A further hurdle for gas exports are objections to foreign participation in Iranian energy. Due to the historically exploitative experiences with foreign companies, until very recently Iran did not allow foreign ownership in the energy sector. As a result, the role of any foreign company was reduced to that of a service provider. This did not prevent business with Iran but it reduced its attractiveness and thereby the scope of investment and co-operation.

Finally, there are also a number of policy and institutional conflicts. Amongst others, it might make more sense for Iran to use its gas domestically – for example as a feedstock for industry – instead of exporting it. The internal debate over this question is on-going and did not yet reach a conclusion. Institutionally, there is potential – and necessity – to improve co-ordination among the Ministry of Petroleum and the National Iranian Oil Company (NIOC) as well as among the various NIOC subsidiaries in the gas sector. Moreover, several gas price negotiations have been used as a playground for domestic power struggles between various factions and political institutions. This questioned Iran’s reliability as a trading partner.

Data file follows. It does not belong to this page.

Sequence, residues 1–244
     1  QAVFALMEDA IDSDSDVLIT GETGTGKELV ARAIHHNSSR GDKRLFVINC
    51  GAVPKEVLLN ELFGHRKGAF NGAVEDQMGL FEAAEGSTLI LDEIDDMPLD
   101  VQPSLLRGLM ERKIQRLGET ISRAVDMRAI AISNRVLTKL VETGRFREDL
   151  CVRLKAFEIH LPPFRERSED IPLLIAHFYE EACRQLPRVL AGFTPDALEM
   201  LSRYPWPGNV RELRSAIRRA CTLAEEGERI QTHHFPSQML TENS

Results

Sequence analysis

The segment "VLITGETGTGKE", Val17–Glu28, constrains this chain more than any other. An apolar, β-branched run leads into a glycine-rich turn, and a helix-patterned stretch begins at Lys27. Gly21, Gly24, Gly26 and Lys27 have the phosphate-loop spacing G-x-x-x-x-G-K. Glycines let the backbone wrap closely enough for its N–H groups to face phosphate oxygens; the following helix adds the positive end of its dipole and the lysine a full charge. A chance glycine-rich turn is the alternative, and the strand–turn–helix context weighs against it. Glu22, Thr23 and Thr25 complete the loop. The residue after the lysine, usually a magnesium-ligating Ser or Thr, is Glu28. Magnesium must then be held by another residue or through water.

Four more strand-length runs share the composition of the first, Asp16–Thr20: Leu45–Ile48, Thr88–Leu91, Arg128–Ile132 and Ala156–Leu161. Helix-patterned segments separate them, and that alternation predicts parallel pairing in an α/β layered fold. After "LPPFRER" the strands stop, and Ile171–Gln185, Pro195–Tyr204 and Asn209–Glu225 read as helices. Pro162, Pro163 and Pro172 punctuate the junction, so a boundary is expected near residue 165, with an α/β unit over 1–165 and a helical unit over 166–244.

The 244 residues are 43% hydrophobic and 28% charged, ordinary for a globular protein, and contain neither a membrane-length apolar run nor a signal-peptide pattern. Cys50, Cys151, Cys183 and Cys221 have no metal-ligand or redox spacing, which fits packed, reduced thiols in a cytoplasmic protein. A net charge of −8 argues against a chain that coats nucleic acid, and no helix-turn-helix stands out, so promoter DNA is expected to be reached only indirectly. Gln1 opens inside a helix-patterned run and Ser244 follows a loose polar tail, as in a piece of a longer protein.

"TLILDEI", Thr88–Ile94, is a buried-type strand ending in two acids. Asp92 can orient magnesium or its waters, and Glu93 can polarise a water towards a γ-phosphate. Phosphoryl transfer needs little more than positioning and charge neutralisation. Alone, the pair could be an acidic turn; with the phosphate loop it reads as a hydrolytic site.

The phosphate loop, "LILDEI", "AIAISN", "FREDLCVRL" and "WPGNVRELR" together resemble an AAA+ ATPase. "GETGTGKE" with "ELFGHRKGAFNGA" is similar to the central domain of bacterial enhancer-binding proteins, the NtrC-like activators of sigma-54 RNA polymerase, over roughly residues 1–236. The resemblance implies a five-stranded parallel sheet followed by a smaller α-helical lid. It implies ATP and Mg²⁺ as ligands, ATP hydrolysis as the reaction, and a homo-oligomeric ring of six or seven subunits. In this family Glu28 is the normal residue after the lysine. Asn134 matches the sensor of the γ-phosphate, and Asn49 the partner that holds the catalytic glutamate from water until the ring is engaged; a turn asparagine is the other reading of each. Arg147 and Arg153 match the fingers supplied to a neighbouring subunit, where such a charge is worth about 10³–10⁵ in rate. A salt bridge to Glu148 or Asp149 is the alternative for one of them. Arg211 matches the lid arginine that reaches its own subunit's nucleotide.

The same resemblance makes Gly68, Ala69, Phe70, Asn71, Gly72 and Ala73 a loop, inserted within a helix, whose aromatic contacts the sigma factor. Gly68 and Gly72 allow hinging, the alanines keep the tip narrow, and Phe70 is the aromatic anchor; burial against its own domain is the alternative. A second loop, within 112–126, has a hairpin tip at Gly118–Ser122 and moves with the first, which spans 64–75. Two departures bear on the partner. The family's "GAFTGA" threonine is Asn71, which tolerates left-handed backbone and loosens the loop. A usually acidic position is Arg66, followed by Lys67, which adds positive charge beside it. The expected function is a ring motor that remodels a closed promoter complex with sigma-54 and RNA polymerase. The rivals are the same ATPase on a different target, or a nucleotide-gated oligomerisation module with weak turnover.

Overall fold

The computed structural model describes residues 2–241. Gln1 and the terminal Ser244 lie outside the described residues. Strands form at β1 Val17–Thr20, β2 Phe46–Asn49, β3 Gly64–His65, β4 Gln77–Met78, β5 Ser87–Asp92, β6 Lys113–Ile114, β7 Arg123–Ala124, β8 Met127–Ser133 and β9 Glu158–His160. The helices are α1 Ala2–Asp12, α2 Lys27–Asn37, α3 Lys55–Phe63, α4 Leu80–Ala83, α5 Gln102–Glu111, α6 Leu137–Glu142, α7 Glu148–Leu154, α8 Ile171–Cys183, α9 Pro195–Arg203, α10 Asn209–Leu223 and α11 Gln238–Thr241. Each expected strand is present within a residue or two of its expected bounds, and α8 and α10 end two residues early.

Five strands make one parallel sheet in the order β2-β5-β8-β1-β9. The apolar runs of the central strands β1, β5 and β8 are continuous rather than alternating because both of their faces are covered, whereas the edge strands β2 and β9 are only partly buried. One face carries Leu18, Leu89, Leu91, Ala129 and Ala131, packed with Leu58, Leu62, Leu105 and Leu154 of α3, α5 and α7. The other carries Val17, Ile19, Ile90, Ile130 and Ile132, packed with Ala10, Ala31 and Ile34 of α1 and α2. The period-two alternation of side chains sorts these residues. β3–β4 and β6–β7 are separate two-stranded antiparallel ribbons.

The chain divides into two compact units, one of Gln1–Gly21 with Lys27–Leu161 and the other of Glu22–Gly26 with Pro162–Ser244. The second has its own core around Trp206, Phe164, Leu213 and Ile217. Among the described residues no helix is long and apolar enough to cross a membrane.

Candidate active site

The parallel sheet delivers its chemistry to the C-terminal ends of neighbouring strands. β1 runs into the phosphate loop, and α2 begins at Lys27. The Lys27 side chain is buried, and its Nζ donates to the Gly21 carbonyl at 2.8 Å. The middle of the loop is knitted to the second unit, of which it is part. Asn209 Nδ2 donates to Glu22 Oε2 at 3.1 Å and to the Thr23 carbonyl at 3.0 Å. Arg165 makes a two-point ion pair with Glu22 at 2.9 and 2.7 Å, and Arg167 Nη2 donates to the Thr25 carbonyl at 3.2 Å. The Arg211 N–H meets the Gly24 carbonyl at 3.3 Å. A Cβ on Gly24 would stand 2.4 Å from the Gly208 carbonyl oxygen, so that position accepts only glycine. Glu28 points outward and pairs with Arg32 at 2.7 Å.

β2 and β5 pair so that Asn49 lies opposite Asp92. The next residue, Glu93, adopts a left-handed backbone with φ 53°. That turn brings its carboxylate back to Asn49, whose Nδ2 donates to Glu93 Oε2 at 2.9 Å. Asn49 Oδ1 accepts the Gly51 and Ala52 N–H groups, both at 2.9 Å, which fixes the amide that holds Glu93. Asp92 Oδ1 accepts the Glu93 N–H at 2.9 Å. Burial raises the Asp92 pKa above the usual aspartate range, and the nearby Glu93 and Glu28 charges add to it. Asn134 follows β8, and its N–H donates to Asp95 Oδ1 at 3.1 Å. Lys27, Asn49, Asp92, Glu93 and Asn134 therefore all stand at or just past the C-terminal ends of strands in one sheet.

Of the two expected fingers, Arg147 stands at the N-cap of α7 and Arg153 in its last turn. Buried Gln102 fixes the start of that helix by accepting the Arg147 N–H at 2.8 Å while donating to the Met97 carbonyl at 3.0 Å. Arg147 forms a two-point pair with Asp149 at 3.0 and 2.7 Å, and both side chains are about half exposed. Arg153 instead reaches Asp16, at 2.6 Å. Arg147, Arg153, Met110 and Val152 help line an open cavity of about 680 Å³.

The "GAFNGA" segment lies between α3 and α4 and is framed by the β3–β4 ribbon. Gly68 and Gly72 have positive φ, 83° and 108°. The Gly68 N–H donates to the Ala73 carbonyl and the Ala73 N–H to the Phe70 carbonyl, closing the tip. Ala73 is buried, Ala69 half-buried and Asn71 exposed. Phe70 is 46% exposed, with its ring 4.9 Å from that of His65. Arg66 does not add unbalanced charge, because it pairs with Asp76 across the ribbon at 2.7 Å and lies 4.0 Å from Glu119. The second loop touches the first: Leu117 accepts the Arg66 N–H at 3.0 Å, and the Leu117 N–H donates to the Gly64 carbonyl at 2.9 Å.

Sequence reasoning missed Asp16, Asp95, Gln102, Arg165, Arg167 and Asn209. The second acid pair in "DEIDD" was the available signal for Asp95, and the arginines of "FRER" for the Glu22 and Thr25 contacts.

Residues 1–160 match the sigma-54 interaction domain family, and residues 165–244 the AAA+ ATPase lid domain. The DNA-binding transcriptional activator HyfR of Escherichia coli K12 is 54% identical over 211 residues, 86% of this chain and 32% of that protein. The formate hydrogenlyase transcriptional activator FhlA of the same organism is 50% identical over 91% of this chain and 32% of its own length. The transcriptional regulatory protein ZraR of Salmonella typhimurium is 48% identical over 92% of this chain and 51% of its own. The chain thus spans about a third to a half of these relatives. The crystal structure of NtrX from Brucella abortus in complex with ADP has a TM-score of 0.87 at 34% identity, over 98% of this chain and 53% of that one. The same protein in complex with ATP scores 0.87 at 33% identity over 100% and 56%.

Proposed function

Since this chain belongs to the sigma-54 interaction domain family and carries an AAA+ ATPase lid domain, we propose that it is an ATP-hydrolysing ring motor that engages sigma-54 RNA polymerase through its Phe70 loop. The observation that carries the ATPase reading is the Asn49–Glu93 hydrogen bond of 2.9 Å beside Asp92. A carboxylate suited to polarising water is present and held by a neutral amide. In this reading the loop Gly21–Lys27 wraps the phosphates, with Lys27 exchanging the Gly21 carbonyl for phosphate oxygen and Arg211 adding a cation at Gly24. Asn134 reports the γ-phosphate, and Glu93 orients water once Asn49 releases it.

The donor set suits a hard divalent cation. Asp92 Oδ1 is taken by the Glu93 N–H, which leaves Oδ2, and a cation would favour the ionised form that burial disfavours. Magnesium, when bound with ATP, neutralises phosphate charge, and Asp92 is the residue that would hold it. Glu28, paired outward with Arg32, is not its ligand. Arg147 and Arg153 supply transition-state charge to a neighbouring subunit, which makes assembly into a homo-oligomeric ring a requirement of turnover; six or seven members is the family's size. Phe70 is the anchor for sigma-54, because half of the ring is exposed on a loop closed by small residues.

Against the backdrop of these challenges, is it possible that Iran can turn past failure into future success when it comes to the export of natural gas? For this to happen, Iran would ultimately need to both achieve a sufficient export capacity and find customers for its gas – i.e. conclude contracts.